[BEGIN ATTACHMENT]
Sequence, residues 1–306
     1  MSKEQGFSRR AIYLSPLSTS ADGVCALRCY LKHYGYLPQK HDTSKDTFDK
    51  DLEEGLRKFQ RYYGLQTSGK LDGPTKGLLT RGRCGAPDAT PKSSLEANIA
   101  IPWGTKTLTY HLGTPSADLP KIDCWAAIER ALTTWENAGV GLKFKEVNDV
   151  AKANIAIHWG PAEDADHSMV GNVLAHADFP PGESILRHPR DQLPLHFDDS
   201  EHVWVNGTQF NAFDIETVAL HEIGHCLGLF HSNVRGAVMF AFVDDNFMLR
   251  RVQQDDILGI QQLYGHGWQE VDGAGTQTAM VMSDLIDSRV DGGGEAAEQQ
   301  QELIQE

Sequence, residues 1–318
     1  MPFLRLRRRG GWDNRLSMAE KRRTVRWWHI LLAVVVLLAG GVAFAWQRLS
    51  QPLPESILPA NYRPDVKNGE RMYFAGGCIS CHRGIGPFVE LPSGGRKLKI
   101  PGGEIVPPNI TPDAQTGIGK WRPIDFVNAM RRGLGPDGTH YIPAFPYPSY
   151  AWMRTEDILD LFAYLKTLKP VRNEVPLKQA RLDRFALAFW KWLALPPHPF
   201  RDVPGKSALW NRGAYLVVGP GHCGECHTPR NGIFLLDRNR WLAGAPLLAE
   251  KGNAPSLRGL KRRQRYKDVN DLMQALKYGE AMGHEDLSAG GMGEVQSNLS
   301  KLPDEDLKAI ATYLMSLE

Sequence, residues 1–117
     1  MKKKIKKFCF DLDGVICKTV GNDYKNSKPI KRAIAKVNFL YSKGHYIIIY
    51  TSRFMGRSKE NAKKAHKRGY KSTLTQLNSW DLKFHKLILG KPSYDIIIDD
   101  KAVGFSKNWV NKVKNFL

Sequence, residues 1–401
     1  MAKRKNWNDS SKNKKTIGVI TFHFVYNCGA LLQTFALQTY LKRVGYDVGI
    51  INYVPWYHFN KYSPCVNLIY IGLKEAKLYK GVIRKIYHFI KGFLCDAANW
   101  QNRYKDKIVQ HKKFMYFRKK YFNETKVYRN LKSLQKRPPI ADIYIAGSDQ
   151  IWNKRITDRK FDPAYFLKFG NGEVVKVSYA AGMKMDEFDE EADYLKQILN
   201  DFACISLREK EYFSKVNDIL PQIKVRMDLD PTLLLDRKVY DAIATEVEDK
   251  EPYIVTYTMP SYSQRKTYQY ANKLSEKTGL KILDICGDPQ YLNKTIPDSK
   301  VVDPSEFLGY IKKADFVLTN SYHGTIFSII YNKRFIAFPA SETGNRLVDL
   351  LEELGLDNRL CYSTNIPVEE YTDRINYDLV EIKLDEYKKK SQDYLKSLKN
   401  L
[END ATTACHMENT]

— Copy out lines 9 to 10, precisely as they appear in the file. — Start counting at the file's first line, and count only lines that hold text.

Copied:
Sequence, residues 1–318
     1  MPFLRLRRRG GWDNRLSMAE KRRTVRWWHI LLAVVVLLAG GVAFAWQRLS